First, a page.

Wednesday, December 28, 2011

Create a distinct, consistent image

Whether you own a retail store, an online enterprise or a professional service business, your image is crucial to your success. It is what draws in your target customer or client. And, when you─or your designer─create that image, it must be used consistently throughout all your marketing materials. This includes business cards, mailings, website and blog, stationery and order forms.

There are 7 design elements to consider:
1. Color─limit to two to three
2. Typography─or fonts─limit to two to three
3. Graphic elements─limit any design elements, such as lines, logos, graphic devices to three
4. Style of art─be consistent. Clip art makes it tempting to use a variety, but you must be consistent. Use a line drawing? Continue to use a line drawing.
5. Size of promotional piece─will vary dramatically, of course, from piece to piece. An unusual size is better─not based on an 8 1/2" x 11" sheet. And bigger is perceived as better.
6. Paper─considerations include elements such as recycled? Elegant feel? Inexpensive?
7. Grid─the layout used in your promotional pieces sends a message. Formal? Informal? Restricted? Easy to use?

Whatever you choose, you'll want to change no more than two to three elements in any given piece to maintain consistency. You'll notice I show two logos for my business. I use the outline version on the top when it will be printed by me or a client. The orange version uses up too much ink! The orange version works on a blog post or something less likely to be printed.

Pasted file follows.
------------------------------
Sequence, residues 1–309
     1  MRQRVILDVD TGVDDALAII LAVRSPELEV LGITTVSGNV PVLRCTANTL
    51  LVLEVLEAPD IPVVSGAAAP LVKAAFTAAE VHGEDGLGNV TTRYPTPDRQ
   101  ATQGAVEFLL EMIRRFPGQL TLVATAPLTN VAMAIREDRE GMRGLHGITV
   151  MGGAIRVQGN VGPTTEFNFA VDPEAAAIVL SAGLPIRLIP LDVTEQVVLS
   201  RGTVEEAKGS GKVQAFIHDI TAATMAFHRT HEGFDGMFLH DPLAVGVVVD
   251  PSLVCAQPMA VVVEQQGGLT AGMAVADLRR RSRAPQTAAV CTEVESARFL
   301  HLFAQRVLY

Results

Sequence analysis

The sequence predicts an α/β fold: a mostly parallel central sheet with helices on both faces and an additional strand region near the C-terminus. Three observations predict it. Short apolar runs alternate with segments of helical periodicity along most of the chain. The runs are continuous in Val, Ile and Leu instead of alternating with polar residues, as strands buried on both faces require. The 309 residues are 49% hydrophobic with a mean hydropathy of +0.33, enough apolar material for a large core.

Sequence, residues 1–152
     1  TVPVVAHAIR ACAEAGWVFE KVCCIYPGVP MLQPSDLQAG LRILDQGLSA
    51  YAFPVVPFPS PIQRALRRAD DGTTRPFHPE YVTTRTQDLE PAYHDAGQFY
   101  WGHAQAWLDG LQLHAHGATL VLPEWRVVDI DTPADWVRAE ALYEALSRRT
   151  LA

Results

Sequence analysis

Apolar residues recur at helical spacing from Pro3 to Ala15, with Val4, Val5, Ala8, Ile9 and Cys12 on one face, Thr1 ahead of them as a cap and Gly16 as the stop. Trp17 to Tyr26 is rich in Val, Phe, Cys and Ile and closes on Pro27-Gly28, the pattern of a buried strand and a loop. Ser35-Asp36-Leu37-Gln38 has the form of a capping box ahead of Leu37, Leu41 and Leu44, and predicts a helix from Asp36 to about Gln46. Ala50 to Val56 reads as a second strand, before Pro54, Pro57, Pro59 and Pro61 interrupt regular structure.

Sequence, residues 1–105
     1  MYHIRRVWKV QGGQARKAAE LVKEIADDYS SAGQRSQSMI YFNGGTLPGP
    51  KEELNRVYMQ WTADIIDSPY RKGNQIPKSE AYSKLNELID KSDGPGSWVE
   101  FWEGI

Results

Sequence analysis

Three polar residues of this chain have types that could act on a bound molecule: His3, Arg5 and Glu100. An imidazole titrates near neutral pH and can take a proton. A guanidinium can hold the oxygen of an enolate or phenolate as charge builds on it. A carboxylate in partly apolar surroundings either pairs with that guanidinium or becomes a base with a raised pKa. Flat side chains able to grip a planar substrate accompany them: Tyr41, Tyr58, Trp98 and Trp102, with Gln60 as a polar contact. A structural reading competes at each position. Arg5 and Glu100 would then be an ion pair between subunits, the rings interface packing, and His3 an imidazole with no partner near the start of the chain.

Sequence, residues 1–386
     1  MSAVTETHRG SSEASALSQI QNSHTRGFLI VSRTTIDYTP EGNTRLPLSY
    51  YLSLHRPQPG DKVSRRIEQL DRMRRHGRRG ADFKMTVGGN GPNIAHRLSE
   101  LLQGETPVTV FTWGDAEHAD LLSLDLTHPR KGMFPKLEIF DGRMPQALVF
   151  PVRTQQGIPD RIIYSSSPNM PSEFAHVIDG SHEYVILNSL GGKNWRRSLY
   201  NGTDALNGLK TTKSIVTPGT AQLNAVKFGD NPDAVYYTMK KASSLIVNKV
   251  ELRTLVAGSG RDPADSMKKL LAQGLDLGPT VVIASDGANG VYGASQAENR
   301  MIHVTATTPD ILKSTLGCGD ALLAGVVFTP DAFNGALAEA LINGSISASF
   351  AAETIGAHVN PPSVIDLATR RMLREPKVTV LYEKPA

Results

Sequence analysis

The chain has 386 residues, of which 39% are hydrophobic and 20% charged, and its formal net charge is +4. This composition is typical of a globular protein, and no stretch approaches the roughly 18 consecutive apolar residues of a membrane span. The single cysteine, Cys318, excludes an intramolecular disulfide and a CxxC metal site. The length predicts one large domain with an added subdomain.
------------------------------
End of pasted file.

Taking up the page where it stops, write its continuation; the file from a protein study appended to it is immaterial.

And there's another issue. I remember receiving a mailing from a bank and tossing it because I assumed they were soliciting me for another credit card. Turns out it was MY credit card statement; but I didn't recognize it because they had changed their name and logo. You guessed it! They had to absorb a number of late charge fees because most of their customers did the same thing. In design─and in the eye of your audience─it's crucial that you be recognizable and memorable to your target customer or client.

Sunday, December 4, 2011

Do you speak too quickly?

There's a good chance you do─it's nearly epidemic today! You can get a variety of unwanted reactions from your listeners. They may think you want them to HURRY UP and decide you're rude. Or, they may succumb to emotional deafness─the inability to hear or comprehend what we're saying. You may have experienced this when someone YELLS at you, or stands too close or swears at you. Aggressive people use these ploys to intimidate and while the speedy talker may not intend to, they can cause the same reaction.

Check yourself and see how you do. The following passage is 140 words in length. The average speaking rate of Americans is 125 – 150 wpm. Read it out loud as though you were speaking to someone ten feet away—building in the appropriate pauses. You’re aiming for it to take you a minute to read the paragraph. Time yourself and see how you do:

There is no set rule for the rate of speaking of individuals. Some people can speak at a rate of one hundred ninety words per minute and be clearly understood, while others must speak as slowly as ninety words per minute to achieve the same understanding. Most experts feel, however, that there is more to be gained by speaking slowly. They have decided that a rate of about one hundred forty words per minute is a safe rate. The main disadvantage of speaking too fast is that you cannot be understood easily. Speaking too fast has other disadvantages. Your audience may get the impression that they are being pressured into something. In addition, they may get the impression that you are very rushed and concerned with time. To be really understood, we recommend that you speak slowly.

It's a hurry up, hurry up world and sometimes we need to slo-o-o-ow down rather than speed up so we can be heard─and understood.